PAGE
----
It’s a little ironic that both this paper and my own were published, when both describe the benefits of transparency in terms of reducing “duplication of efforts”. No doubt, I read this paper with a far more critical eye than I normally would. Had I not published a paper on precisely the same subject, I might’ve thought this paper was brilliant.

If we recognize heterogeneity of treatment effect can we lessen waste? Journal of Comparative Effectiveness Research [PubMed] Published 1st October 2019

This commentary starts from the premise that a pervasive overuse of resources creates a lot of waste in health care, which I guess might be true in the US. Apparently, this is because clinicians have an insufficient understanding of heterogeneity in treatment effects and therefore assume average treatment effects for their patients. The authors suggest that this situation is reinforced by clinical trial publications tending to only report average treatment effects. I’m not sure whether the authors are arguing that clinicians are too knowledgable and dependent on the research, or that they don’t know the research well enough. Either way, it isn’t a very satisfying explanation of the overuse of health care. Certainly, patients could benefit from more personalised care, and I would support the authors’ argument in favour of stratified studies and the reporting of subgroup treatment effects. The most insightful part of this paper is the argument that these stratifications should be on the basis of observable characteristics. It isn’t much use to your general practitioner if personalisation requires genome sequencing. In short, I agree with the authors’ argument that we should do more to recognise heterogeneity of treatment effects, but I’m not sure it has much to do with waste.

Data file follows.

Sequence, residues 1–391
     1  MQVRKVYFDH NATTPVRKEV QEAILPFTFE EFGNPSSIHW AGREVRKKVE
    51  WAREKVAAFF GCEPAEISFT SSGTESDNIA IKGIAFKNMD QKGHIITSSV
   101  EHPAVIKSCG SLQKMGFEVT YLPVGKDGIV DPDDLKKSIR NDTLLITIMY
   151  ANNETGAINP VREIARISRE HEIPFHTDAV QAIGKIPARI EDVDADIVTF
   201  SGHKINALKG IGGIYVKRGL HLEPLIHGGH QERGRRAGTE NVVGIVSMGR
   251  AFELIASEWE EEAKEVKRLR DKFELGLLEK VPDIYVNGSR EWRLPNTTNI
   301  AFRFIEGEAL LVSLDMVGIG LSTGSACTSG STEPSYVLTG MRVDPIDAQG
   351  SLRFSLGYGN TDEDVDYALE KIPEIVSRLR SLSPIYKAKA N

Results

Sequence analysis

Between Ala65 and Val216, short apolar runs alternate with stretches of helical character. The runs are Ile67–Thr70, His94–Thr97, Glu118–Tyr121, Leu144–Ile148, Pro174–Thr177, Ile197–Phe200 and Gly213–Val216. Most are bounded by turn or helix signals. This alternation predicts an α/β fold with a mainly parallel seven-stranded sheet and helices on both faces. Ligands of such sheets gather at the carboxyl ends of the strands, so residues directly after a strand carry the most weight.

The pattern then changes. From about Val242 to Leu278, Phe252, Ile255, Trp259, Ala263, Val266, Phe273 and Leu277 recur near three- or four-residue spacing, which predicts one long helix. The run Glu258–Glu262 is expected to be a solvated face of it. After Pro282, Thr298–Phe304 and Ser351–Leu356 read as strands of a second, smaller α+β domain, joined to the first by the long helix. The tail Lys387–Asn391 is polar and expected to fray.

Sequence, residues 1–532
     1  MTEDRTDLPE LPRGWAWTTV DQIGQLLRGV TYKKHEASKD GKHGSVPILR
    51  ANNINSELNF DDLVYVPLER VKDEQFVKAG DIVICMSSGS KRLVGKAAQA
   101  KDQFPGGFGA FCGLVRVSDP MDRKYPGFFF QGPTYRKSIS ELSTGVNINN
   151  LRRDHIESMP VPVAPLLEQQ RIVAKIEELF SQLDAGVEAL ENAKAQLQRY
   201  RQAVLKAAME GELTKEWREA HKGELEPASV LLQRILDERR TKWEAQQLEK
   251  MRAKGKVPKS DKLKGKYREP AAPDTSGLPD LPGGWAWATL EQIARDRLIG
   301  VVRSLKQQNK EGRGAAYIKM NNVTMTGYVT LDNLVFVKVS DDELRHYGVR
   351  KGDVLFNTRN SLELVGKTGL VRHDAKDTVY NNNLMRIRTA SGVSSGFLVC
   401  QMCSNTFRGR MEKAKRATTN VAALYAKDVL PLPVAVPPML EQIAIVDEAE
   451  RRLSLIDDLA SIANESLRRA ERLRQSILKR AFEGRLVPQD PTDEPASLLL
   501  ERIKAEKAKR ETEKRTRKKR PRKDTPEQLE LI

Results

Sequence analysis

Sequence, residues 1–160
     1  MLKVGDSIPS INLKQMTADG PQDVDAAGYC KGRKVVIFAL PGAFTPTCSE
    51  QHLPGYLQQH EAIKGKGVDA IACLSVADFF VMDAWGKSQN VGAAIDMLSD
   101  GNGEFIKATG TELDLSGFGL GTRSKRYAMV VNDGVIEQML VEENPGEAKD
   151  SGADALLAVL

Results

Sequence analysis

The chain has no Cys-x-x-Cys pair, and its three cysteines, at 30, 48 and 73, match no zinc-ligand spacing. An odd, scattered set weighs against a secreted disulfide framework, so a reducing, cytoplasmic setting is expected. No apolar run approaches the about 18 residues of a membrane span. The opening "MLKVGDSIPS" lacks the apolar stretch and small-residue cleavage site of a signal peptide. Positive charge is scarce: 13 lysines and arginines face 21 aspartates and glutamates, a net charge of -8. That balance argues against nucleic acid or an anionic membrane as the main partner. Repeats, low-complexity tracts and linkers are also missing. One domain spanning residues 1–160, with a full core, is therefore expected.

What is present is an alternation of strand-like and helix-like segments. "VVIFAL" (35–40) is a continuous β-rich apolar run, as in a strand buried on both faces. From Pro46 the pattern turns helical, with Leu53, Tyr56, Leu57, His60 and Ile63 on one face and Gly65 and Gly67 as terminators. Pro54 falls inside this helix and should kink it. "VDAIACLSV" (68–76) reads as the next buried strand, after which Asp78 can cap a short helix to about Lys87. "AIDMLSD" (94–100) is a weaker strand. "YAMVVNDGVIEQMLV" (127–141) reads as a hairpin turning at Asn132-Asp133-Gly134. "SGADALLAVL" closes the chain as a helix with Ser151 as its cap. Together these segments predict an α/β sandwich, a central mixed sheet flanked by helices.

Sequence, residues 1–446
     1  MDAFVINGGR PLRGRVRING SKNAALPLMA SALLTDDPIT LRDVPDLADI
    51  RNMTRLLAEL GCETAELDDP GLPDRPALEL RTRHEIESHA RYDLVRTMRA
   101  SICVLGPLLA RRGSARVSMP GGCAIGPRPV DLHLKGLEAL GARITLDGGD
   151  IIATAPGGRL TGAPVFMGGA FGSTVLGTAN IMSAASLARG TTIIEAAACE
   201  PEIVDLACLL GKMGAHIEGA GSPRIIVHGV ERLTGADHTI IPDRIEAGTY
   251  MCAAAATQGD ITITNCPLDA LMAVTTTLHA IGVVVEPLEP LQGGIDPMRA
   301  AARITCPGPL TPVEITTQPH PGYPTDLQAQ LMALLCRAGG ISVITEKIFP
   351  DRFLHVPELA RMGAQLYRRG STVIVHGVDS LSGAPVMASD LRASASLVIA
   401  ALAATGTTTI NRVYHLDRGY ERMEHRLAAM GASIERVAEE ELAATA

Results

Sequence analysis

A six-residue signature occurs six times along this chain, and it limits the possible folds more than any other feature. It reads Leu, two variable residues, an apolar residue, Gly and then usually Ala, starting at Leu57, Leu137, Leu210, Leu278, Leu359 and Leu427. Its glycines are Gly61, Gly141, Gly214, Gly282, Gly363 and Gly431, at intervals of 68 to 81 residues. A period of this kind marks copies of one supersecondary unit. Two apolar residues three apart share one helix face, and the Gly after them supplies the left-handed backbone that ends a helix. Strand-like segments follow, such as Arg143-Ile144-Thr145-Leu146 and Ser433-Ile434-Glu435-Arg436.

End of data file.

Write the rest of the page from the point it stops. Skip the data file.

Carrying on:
No evidence for a protective effect of education on mental health. Social Science & Medicine Published 3rd October 2019

When it comes to the determinants of health and well-being, I often think back to my MSc dissertation research. As part of that, I learned that a) stuff that you might imagine to be important often isn’t and b) methodological choices matter a lot. Though it wasn’t the purpose of my study, it seemed from this research that higher education has a negative effect on people’s subjective well-being. But there isn’t much research out there to help us understand the association between education and mental health in general.